Oh, man, it seems like ages since I made this pie even though I baked it right after our recent dinner at Dahlia Lounge. But what can one say about a pie when life is a roller coaster? Life Life has been challenging lately.
I find it hard to write about food when family stuff and life are not fun or funny. Food should be fun, right? On the other hand, food is the most daily thing, an itegral part of ordinary life, connected to whatever emotion exists at the time.
I started by writing a lil’ pie poem because this coconut cream pie makes me happy but then the temperature rose to 94-98 degrees Fahrenheit and we have no air-conditioning. (No air-conditioning in most of the houses around here ’cause usually it’s cold and rainy.) My brain melted, the poem melted. It was challenging enough to roll the buttery dough so I has to abandon the poetry. The butter liquefies faster than the speed of light at 94+ F, but worth the struggle when you’re goal is to eat pie, preferably chilled, when you sweat. There is a certain something about… pie, doesn’t matter what’s the weather.
The creator of the pie is Tom Douglas. I remember the first time we had it in one of his restaurants, Etta’s. We finished eating it within a few seconds–faster than the speed of light! Quite a local legend, it’s no ordinary pie. No no no, siree. And if you don’t believe me, just see how many bloggers have made this pie and wrote about it. From the popular blogger Jessie of Cakespy and Foodista, to elliemay’s, Mary cooks, Angelnina’s cottage, seaviewwa, and plenty others.
Recommended: click the link to watch a video tutorial on how to make this pie by Tom Douglas and his chef.
Triple coconut cream pie
Slightly modified from the recipe in Tom Douglas’ Seattle Kitchen cookbook
Makes one 9-inch pie, serves about 6-10 in out house
For the coconut pie shell:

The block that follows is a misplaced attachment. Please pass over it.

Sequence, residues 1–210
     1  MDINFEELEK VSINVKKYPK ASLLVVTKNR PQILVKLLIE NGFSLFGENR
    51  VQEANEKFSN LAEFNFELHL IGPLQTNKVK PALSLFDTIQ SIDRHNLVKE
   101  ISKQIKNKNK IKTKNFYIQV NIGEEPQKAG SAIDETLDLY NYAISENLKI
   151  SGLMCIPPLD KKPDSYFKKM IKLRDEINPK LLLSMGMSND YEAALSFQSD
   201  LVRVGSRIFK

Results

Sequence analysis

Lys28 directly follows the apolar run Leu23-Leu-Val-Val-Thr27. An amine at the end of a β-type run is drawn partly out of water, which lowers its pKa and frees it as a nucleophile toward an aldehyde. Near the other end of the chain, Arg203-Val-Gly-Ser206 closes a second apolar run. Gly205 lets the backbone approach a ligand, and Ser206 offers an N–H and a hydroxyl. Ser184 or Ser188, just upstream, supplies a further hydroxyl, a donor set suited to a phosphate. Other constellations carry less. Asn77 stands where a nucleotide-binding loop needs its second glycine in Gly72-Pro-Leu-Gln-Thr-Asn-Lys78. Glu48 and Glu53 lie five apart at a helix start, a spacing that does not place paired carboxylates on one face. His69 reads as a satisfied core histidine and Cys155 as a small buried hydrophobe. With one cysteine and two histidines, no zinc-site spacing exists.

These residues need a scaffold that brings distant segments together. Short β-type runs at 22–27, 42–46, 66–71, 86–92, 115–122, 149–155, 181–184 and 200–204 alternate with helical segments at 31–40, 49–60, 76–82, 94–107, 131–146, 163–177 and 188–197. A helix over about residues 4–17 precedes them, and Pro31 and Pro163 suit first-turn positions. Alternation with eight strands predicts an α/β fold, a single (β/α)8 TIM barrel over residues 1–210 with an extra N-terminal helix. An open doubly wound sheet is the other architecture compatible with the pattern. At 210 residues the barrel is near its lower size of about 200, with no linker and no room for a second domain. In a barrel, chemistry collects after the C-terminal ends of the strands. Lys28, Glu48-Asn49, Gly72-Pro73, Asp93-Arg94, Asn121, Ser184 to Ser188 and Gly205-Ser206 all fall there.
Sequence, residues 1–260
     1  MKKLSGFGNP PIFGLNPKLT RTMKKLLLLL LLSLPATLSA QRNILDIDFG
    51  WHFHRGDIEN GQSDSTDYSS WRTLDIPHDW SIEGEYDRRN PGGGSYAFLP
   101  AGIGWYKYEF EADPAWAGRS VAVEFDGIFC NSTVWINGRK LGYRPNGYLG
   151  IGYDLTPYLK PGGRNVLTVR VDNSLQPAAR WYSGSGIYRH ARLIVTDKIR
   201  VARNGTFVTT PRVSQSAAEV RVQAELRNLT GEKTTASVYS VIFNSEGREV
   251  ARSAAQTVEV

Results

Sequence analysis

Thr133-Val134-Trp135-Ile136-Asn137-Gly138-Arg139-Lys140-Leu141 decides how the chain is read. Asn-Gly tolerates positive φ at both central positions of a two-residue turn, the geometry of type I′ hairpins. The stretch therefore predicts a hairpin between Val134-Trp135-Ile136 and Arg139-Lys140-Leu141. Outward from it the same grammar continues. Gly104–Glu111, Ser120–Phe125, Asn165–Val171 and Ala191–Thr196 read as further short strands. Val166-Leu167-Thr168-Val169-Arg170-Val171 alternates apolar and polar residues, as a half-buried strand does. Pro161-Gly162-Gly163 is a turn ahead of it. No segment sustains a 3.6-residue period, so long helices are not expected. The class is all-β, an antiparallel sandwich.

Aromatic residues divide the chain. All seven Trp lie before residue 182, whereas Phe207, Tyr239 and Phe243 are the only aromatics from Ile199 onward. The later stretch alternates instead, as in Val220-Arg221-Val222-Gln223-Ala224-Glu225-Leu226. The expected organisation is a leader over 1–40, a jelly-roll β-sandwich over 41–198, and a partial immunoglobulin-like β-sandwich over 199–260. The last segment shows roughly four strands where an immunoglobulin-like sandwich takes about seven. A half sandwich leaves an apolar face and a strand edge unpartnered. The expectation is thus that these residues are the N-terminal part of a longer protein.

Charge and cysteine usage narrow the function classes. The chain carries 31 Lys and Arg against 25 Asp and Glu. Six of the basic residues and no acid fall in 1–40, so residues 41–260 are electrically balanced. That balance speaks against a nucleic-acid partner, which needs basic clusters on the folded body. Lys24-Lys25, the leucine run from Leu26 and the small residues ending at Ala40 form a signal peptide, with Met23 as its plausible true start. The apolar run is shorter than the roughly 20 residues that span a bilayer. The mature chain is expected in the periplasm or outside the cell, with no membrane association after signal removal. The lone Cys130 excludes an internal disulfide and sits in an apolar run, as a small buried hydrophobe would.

1 cup plus 2 tablespoons all-purpose flour
1/2 cup sweetened shredded coconut
1/2 cup (1 stick) cold unsalted butter, cut into small dice
2 teaspoons sugar
1/4 teaspoon kosher salt
1/3 cup ice water, or more if needed
For the coconut pastry cream:
2 cups milk
2 cups sweetened shredded coconut (I used 1 1/2 cups)
1 vanilla bean, split in half lengthwise
2 large eggs
1/2 cup plus 2 tablespoons sugar
3 tablespoons all-purpose flour
1/4 cup (1/2 stick) unsalted butter, softened
For whipped cream:
2 1/2 cups heavy cream, chilled (I used 1 1/2 cups)
1/3 cup sugar
1 teaspoon pure vanilla extract
2 ounces unsweetened “chip” or large-shred coconut (about 11/2 cups) or sweetened shredded coconut, toasted in a 350°F for 7-8 minutes
Chunks of white chocolate (4 to 6 ounces, to make 2 ounces of curls)
For the coconut pie shell:
In a food processor, put all the ingredients, besides water. Pulse until you get coarse crumbs. Add water, 1 tablespoon at a time, pulsing once after each addition, until dough holds together when pressed between fingers. (The dough will not form a ball or even clump together in processor—it will be loose.)
Dump the dough out onto a large sheet of plastic wrap, press into a disc, cover with plastic wrap, and chill for 30-60 minutes.